Innovative ropes and rope applications
Our theme of this conference in Stuttgart is Innovative Ropes and Rope Applications as we celebrate the 175th anniversary of wire ropes. Tonight I hope to observe similarities of these two concepts as a way to emphasize how we can achieve more in the future by having a better understanding of the past. The two concepts are similar but not exactly identical. Innovative ropes are solutions that evolve in response to pre-existing questions. Innovative applications are questions that arise in connection with pre-existing solutions. Neither can suddenly appear in a vacuum. Each depends upon a previous state of affairs. To better explain how this happens, my colleague in the United States, Dr. Robert M. Shemenski has contrived a term “technovation” to better emphasize how a new technique or a new technical device is always something that has been innovated, like the fruit on a tree, from an earlier technique or device. Our ability to comprehend how that happens requires a close study of historical facts surrounding the attainment. For my discussion, I will call that person who has devised an innovative rope or innovative application for rope, a technovator. It is an unfortunate fact that the history of technovation is our weakest form of history. In the past, I have argued there are two causes for this. The primary cause is that our academic, social, and religious historians do not or cannot write clearly about technovation because they do not understand it. The proof of this is obvious. We have an international organization, the Society for the History of Technology formed in 1959. They have since published thousands of articles in a journal. For half a century. A search of their index reveals exactly one entry in 50 years for the key words “wire rope” yet wire rope is one of the most useful, ubiquitous products ever devised by technovators. The second cause is that the technovators themselves often are poor historians. They do not provide us with documentation explaining the evolution of their new device or new technique. The technovator often does not explain, and therefore cannot document completely, the process which has produced an innovative rope or rope application. Part of the problem is that new words, sometimes words that do not exist, are required for an explanation, but more often it is the need for secrecy, a side effect of the patent protection process, stifling any meaningful revelations. For his academic presentation of 1821 at Berlin, Wilhelm von Humboldt wrote a brilliant and persuasive essay about the human process of documenting history. He described in detail the methods with which historians go about writing history, combining two forms of intelligent thought when they work. Historians begin with the exact, impartial, critical investigation of the events; which they combine with an intuitive understanding of the structure of the events. At the same time, Humboldt insisted, historians must suppress a third form of thought: their imagination. Humboldt’s assessment reconfirmed a very old Epicurean viewpoint which asserted there are three basic kinds of thinking in our heads at all times: first, we have the information received directly from our senses. Next, we have preconceived or Innovative ropes and rope applications intuitive notions (which the Greeks called the prolepsis) providing us with a framework into which sensory input is placed. Lastly, ideas subsequently arise in our imagination which have come out of the other two kinds of thinking. Very often, this happens with a sudden burst of energy. We call it a brainstorm. We compare it to a bolt of lightning or an illuminating lamp switched “on”.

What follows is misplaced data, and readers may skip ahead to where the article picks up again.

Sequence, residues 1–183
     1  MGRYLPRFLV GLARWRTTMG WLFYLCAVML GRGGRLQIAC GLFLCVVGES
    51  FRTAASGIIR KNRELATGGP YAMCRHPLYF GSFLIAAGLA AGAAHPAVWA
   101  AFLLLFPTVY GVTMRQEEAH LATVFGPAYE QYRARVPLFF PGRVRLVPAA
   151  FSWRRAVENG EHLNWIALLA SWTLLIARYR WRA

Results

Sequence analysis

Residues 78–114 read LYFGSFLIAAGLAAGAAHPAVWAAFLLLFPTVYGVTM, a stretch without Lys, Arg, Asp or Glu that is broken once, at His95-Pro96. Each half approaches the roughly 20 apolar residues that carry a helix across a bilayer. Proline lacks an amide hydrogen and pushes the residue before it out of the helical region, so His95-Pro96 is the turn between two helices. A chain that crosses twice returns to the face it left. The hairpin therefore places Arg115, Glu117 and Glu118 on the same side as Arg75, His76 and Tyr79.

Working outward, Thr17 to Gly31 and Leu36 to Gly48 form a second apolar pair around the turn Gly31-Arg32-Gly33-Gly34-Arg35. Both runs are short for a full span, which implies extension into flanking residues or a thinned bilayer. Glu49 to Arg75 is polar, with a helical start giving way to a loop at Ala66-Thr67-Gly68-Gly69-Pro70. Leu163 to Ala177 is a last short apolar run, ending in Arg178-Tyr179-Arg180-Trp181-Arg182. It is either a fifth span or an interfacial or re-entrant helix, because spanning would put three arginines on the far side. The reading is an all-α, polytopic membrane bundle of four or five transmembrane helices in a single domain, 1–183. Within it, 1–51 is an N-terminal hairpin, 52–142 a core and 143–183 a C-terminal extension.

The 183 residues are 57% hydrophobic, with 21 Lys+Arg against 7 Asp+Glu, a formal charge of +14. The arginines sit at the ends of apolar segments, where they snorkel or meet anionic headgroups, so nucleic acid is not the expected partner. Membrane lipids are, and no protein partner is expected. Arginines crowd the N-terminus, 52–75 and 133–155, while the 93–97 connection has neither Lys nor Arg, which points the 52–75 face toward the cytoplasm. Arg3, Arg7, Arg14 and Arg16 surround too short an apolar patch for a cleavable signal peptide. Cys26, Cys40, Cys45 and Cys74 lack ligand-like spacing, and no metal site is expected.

Author(s): Sayenga, D.